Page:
Named one of the Orlando Sentinel’s top employees for design work on the Osceola Sentinel – a sister newspaper to the Orlando Sentinel – she also wrote profiles on residents in Osceola County. After her reporting stint, she was selected as a veteran copy editor to work on special projects in the Orlando Sentinel’s features department.

Preacher’s daughter

She left the Orlando Sentinel in 1993 to return home after her father, the Rev. M.H. Griffin, founder of Unity Faith Baptist Church in Naples, died.

The Naples Daily News hired Griffin in May 1993 as an assistant features editor and writer. She was promoted to features editor, the first Black journalist to serve in that position with the newspaper. She also became a key member of the Naples Daily News’ editorial board and was the first Black woman to serve on the board while chairing the newspaper’s diversity task force.

While she was at the Naples Daily News, Griffin also won the Florida Press Club award and an Honorable Mention from the American Association of Sunday and Features Editors for her weekly faith and values column.

On to Georgia

She packed her bags in 1999 to move to Metro Atlanta. In Georgia, she worked at New Leaf Distributing Company in Lithia Springs from 2000 to 2004, where she was an editor for the company’s trade magazines and catalogs. She also worked as the company’s trade shows coordinator and organized New Leaf Distributing’s presence at trade shows.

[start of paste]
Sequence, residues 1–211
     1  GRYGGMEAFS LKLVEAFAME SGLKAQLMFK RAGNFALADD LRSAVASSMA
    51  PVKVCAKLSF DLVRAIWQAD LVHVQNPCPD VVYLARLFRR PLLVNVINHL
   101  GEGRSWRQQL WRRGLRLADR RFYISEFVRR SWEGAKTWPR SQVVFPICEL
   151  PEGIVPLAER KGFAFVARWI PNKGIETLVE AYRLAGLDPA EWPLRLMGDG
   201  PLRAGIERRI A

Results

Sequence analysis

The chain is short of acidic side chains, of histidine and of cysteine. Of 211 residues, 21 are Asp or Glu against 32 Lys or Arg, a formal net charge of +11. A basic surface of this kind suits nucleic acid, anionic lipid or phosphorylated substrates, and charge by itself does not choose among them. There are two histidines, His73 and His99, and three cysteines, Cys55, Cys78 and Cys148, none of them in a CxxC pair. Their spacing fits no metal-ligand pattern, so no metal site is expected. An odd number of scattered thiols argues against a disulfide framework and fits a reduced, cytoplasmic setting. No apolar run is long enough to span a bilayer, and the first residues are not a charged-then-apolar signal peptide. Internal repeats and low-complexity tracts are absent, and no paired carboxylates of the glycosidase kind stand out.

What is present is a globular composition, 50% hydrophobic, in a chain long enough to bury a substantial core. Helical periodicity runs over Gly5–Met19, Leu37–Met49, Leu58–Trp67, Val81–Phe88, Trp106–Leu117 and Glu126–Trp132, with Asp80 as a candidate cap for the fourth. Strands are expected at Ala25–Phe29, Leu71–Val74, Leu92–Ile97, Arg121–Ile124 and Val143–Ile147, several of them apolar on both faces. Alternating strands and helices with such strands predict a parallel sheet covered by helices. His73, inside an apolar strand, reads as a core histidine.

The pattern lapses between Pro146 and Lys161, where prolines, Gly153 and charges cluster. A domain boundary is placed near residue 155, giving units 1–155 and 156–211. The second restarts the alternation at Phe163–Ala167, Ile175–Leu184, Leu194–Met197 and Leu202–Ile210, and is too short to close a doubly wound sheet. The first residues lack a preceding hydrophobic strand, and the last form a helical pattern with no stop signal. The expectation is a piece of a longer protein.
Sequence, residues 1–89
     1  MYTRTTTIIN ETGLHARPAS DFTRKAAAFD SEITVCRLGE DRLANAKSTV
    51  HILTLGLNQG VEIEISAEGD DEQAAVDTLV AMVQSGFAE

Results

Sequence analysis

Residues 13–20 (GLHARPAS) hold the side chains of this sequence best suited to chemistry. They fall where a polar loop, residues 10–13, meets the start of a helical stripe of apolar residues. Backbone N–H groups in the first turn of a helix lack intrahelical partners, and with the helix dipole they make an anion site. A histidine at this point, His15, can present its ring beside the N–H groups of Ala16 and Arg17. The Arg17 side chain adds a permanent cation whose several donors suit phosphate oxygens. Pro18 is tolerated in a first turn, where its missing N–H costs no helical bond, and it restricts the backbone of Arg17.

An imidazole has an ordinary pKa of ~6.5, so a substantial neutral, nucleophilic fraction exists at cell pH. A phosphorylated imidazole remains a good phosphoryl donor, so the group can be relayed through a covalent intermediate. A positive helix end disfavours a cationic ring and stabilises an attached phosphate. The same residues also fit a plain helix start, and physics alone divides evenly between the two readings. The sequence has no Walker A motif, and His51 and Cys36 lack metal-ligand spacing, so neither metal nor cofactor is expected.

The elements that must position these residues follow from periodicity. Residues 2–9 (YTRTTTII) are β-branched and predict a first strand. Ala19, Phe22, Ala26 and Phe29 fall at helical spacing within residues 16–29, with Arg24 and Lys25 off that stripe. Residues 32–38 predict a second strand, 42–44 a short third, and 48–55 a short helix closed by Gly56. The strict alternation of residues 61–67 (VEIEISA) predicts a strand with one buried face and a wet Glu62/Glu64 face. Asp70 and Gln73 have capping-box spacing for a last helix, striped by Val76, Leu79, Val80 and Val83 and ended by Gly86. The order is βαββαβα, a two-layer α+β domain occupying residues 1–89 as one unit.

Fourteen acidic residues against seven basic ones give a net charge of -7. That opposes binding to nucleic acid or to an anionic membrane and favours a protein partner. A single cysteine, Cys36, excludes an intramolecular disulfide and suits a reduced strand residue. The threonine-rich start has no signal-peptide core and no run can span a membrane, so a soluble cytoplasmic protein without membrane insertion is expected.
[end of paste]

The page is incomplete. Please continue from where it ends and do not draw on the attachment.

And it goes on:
In 2004, she returned to Florida and worked for a year as news editor for the Christian Retailing magazine in Lake Mary before moving to Tampa and accepting the job at the Florida Courier.

More Awards

As a Florida Courier journalist, she has won awards for her reporting from the Society of Professional Journalists, the Florida Press Association and the Tampa Bay Association of Black Journalists.

As a 2013-2014 recipient of the Rosalynn Carter Fellowships for Mental Health Journalism, she wrote a series of stories exploring the stigma and misinformation about mental illness among African Americans.

She is a past president of the Tampa Bay Association of Black Journalists and its current treasurer. A member of the National Association of Black Journalists, she also is a charter member of the Central Florida Association of Black Journalists and was inducted into its Hall of Fame in 1993.

Active in Organizations

In addition, she is a past board member of NAMI Hillsborough, the Hillsborough County affiliate of the National Alliance on Mental Illness (NAMI). She also is a co-facilitator of its Family-to-Family educational course and is certified as a NAMI support group facilitator.

A charter member of the Collier County Alumnae Chapter of Delta Sigma Theta Sorority, she serves as the chapter’s Public Relations chair.

Griffin now resides in Tampa Bay. She is a member of Love First Christian Center in Riverview.